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Mydata. Many Michigan schools are in financial turmoil. School districts around Michigan are facing money problems.

Many Michigan schools are in financial turmoil

Between losing students, having to contribute more to the teacher pension system and other growing costs, many districts are in a world of hurt. It’s essential that they approach their financial problem in a way that will safeguard students’ education. The sooner they start addressing these problems head on, the better chance they’ll have to avoid too much state interference. There were 56 school systems in Michigan with deficit operating budgets at the end of fiscal year 2014. That figure is up from 52 at the end of the 2013 fiscal year. Public Corruption: Inside the Kwame Kilpatrick Case. The case of former Detroit mayor Kwame Kilpatrick, who stole from citizens he vowed to serve.

Public Corruption: Inside the Kwame Kilpatrick Case

When Kwame Kilpatrick became mayor of Detroit in 2002, he promised to revitalize the city. Instead, he shamelessly used his position to steal from the citizens he had vowed to serve. 13 Detroit principals charged with bribery. In addition, a DPS vendor -- identified as Norman Shy, 74, owner of Allstate Sales -- was charged.

13 Detroit principals charged with bribery

He is accused of being at the center of the criminal activity. Authorities say the scheme basically boiled down to this: Shy paid bribes and kickbacks to principals so they would allow their schools to be charged for supplies that were never delivered. Chairs. How corruption deepened Detroit's crisis. DETROIT -- Former Detroit Mayor Kwame Kilpatrick was a spender, a schemer and a liar.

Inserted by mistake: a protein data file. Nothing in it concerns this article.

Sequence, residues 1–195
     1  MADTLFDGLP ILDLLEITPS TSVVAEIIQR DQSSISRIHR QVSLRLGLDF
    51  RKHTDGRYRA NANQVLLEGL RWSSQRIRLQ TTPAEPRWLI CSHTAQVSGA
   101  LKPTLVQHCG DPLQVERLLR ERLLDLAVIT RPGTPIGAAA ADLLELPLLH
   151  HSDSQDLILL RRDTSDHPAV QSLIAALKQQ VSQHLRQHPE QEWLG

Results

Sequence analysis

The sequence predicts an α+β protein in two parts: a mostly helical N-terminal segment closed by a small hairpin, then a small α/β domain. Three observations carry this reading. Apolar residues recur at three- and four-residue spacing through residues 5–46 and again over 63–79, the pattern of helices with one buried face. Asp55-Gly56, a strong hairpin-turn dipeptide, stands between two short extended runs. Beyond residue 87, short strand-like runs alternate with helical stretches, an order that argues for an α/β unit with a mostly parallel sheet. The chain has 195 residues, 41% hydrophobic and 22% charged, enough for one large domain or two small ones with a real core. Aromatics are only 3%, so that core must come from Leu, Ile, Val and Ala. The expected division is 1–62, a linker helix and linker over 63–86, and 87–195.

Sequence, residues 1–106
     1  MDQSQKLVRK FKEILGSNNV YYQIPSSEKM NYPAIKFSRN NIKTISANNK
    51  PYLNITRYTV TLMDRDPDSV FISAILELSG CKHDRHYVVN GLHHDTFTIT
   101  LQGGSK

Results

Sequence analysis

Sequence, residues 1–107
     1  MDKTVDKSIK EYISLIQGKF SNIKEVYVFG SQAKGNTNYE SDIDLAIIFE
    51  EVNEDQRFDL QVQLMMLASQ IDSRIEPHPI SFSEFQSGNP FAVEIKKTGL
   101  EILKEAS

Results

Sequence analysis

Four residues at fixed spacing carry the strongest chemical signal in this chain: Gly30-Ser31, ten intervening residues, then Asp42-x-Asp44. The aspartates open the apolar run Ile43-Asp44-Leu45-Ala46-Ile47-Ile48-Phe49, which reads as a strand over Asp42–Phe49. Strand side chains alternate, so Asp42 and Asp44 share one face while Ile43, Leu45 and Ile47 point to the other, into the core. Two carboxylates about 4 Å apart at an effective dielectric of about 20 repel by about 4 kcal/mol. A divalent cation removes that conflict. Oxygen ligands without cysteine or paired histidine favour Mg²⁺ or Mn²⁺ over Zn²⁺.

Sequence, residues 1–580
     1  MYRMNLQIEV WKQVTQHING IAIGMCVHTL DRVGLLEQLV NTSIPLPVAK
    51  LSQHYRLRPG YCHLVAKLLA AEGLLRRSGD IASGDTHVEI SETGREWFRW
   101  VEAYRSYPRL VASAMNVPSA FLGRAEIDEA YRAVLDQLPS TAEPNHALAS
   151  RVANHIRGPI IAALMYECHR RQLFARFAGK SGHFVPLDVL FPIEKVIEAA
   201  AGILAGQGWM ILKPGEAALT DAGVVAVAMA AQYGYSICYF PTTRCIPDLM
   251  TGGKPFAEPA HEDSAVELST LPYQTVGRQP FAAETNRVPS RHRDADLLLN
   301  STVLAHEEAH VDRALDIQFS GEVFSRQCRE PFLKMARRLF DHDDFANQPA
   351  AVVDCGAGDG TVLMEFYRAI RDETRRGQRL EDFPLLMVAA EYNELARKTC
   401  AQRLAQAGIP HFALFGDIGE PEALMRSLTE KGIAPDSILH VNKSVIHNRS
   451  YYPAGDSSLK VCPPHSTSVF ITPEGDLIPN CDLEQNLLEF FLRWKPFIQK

How corruption deepened Detroit's crisis

And taxpayers paid for it, by the millions. Over seven years, Kilpatrick's public corruption schemes, lavish lifestyle and ethical missteps cost taxpayers at least $20 million, a tab the financially strapped city was in no position to pick up but did anyway — usually without knowing. Feds suspect corruption at cash-strapped Detroit Public Schools. DETROIT, MI -- As Lansing considers giving debt-burdened Detroit Public Schools more than $700 million, U.S.

Feds suspect corruption at cash-strapped Detroit Public Schools

Attorney Barbara McQuade will discuss possible fraud within the District. McQuade, "along with the Federal Bureau of Investigation and the Internal Revenue Service, will discuss the filing of charges involving several current and former Detroit Public School principals, an administrator and vendor," the U.S. Attorney's office said in a statement Tuesday morning. Education Funding: Where do Schools Get Their Money? How do They Spend it?

Written by: Lisa Blumerman Our children represent our future — and a good education is essential to theirs.

Education Funding: Where do Schools Get Their Money? How do They Spend it?